In addition to food industry solutions, IBM is also providing solutions in other areas:
In order to facilitate global trade IBM has developed TradeLens which is a digital platform that empowers businesses and authorities along the supply chain with a single, secure source of shipping data, enabling more efficient global trade.
Targeting the trade finance sector is the IBM Blockchain for Trade Finance which helps in building new trading partnerships. It also helps in uncovering new pools of liquidity and creating new business models specifically engineered to transform trade finance.
Cross Border Payments
IBM Blockchain World Wire makes global transactions easier and faster. This new financial rail can simultaneously clear and settle cross-border payments in near real-time.
IBM is also exploring identity protection through IBM Blockchain Trusted Identity which is committed to creating a decentralized approach to identity management built on top of open standards. IBM is joining forces with Decentralized Identity Foundation (DIF), World Wide Web Consortium (W3C) and other standards groups to achieve this goal.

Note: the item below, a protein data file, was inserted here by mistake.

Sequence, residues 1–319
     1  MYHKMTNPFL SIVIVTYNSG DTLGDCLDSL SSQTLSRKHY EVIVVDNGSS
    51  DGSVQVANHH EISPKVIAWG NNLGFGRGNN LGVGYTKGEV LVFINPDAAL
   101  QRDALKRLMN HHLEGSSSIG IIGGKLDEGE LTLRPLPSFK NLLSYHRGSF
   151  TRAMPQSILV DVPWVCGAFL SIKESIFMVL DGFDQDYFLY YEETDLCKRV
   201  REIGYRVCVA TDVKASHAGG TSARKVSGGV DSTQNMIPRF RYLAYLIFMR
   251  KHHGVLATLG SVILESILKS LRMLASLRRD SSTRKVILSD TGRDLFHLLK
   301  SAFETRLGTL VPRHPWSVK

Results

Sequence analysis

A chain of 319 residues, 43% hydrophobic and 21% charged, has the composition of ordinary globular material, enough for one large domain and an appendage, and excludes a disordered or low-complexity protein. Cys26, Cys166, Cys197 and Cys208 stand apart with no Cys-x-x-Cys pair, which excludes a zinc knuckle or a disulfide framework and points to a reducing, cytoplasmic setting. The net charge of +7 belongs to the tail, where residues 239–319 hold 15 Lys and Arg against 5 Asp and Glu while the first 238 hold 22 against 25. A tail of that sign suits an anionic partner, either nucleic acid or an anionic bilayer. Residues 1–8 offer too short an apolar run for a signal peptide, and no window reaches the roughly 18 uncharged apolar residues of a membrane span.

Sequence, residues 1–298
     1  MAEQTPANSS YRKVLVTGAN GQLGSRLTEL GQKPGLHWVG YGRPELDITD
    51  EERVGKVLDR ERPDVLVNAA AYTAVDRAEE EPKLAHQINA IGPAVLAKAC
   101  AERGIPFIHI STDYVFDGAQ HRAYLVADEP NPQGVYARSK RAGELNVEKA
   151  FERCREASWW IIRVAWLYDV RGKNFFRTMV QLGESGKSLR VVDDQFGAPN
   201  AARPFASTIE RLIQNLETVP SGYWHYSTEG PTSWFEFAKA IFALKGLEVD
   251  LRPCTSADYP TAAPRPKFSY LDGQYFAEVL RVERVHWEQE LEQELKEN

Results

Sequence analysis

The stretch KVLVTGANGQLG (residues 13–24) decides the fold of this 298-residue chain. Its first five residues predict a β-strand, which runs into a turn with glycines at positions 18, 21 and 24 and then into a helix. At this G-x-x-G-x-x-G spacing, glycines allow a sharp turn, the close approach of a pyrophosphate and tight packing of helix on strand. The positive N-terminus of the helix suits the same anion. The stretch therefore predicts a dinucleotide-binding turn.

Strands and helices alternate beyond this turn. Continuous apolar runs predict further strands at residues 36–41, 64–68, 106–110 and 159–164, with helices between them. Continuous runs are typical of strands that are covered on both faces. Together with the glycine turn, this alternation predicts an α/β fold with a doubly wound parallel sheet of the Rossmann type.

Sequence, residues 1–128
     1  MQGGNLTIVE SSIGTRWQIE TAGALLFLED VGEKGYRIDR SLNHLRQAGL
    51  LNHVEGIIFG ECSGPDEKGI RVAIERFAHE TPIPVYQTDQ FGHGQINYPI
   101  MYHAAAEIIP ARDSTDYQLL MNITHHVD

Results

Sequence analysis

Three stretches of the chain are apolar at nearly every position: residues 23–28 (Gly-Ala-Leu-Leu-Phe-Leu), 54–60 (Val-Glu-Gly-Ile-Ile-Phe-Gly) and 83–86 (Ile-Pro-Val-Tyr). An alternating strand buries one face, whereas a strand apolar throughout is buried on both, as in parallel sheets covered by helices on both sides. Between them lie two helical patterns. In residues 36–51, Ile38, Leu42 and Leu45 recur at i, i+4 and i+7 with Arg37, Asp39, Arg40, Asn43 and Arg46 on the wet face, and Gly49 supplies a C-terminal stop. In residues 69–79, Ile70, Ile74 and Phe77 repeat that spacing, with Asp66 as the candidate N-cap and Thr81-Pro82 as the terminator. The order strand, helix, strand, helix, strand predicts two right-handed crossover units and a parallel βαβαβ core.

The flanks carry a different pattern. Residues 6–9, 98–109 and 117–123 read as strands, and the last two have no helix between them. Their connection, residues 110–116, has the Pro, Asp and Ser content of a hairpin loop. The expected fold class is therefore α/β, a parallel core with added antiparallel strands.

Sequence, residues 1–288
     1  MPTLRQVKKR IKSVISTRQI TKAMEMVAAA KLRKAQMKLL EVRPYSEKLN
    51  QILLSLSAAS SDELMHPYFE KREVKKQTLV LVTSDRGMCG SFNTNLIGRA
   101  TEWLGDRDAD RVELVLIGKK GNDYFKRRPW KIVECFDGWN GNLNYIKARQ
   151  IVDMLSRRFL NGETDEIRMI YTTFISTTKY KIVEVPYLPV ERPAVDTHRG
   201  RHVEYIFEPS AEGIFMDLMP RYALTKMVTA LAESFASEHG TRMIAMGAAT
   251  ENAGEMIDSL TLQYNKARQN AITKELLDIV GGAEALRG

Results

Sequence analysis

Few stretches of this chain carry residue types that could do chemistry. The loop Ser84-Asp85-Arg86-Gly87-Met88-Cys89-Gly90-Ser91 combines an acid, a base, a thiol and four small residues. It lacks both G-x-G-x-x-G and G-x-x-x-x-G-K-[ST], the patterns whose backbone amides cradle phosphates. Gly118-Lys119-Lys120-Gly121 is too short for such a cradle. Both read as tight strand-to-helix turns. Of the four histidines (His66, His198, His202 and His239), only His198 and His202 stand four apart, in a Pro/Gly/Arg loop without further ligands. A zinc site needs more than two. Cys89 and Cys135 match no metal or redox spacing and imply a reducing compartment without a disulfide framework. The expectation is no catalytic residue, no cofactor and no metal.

IBM’s Food Trust has grown to 80 clients in a rapidly expanding industry so far and it looks like the list is going to keep growing.
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Marco Polo Blockchain Network Welcomes Japan’s SMBC Bank For Trade Finance
Marco Polo Blockchain Network Welcomes Japan’s SMBC Bank For Trade Finance
Blockchain services are being adopted by many companies nowadays, even in financial institutions and banks. The immutable ledger’s appeal helps to keep all transactions organized in a trustless way, which clearly appeals to the Sumitomo Mitsui BankCorporation (SMBC). The Japanese bank has chosen to improve trade finance with the use of R3’s Marco Polo blockchain network, according to reports from CoinDesk Japan. SMBC is presently the third-largest bank in Japan, based on assets.
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Kawasaki commented that this “time-consuming process” has continued for a century, which is part of what led SMBC to the blockchain network. The lack of complications will streamline the former paper-based process. Hopefully, through this new project, new services will be available “later this year.”